Friday, December 17, 2021

Tribe Sues Claiming Energy Project Violates Its Religious Rights

The Center for Biological Diversity announced yesterday:

The Fallon Paiute-Shoshone Tribe and Center for Biological Diversity sued the U.S. Bureau of Land Management Wednesday over its approval of the Dixie Meadows geothermal energy project, which could dry up nearby springs and harm an extremely rare amphibian, the Dixie Valley toad.

The complaint (full text) in Fallon Paiute-Shoshone Tribe v. U.S. Department of the Interior, (D NV, filed 12/15/2021), includes a claim that approval of the project violates the Religious Freedom Restoration Act:

188. The Tribe and its members’ sincerely held religious beliefs involve quiet contemplation and reflection at Dixie Meadows Hot Springs, including the surrounding landscape. Tribal members’ compliance with these beliefs is a religious exercise.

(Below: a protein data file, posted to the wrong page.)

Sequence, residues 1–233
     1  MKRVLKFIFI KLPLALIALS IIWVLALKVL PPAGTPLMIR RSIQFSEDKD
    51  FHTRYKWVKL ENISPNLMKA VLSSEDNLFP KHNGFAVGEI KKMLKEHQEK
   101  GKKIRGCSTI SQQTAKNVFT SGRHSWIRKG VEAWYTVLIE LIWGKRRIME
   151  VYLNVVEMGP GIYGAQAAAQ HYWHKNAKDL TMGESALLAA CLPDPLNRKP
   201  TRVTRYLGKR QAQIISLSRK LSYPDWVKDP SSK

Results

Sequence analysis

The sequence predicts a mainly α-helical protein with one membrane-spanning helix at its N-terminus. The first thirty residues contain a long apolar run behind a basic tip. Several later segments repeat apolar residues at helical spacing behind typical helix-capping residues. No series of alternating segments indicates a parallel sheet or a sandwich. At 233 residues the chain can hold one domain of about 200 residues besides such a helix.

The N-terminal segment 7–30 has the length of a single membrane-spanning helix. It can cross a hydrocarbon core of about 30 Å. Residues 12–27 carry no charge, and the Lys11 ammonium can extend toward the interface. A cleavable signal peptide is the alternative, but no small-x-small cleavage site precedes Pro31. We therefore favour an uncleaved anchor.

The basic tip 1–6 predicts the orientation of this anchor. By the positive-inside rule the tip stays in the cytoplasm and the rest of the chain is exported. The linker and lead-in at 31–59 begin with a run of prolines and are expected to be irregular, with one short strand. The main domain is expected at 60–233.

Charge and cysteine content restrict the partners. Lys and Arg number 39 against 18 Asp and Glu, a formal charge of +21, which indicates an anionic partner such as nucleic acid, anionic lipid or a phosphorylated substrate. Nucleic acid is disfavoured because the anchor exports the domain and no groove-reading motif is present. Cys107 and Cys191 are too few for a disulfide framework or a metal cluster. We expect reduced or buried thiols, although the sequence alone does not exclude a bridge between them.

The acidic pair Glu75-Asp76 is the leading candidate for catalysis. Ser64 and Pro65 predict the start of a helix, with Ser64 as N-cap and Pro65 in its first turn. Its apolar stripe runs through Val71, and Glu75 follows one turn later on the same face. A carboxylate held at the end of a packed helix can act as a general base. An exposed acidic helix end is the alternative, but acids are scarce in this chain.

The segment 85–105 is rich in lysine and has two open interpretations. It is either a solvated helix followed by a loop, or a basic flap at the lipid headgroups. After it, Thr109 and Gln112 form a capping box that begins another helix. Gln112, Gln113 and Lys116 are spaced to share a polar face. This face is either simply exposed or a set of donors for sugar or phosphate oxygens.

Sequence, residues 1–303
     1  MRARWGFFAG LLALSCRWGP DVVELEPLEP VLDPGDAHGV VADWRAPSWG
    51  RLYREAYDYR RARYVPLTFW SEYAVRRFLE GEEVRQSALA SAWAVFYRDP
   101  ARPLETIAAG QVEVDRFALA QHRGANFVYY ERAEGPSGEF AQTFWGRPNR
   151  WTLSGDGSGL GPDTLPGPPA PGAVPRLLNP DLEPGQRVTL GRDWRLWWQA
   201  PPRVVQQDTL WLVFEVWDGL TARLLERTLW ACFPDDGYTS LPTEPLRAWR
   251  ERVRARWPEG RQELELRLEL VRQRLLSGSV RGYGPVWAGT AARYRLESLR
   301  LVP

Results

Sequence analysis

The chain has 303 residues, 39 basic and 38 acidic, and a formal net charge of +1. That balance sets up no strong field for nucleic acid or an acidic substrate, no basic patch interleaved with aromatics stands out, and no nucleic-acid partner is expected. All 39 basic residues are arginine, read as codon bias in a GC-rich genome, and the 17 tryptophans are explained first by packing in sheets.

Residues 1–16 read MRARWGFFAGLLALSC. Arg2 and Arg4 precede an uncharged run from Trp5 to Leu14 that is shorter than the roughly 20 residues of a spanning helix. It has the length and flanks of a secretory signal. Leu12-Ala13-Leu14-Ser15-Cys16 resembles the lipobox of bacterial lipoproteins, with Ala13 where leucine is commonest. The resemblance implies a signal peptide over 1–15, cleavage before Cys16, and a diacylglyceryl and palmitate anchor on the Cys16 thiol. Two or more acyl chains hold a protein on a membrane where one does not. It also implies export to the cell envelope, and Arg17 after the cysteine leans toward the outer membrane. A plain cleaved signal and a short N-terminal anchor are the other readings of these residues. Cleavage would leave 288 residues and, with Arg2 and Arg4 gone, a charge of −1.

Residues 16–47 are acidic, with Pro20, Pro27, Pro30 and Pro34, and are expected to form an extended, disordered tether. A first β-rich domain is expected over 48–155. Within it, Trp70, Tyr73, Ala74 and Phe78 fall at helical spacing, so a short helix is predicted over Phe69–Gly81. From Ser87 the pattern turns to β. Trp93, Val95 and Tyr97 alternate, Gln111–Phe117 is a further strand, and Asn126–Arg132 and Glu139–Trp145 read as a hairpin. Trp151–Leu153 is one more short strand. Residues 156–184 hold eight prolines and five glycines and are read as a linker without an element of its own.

189. Defendants’ approval of the Project creates government-imposed coercive pressure on the Tribal members to change or violate their religious beliefs. As detailed in this Complaint, approval of the Project damages the sacred value of the Hot Springs by altering its undisturbed state, and damages Tribal members’ ability to carry out religious practices by creating noise, light, and visual pollution.

The complaint points out:

59. On November 9, 2021—14 days before BLM approved the Project—Interior, the U.S. Department of Agriculture, the U.S. Department of Transportation, the U.S. Department of Energy, the U.S. Environmental Protection Agency, CEQ, the Advisory Council on Historic Preservation, and the Tennessee Valley Authority entered into a memorandum of understanding (“MOU”) concerning the protection of indigenous sacred sites.

60. The MOU recognizes that the spiritual and religious practices and traditions of indigenous peoples are closely tied to the natural world and specific places.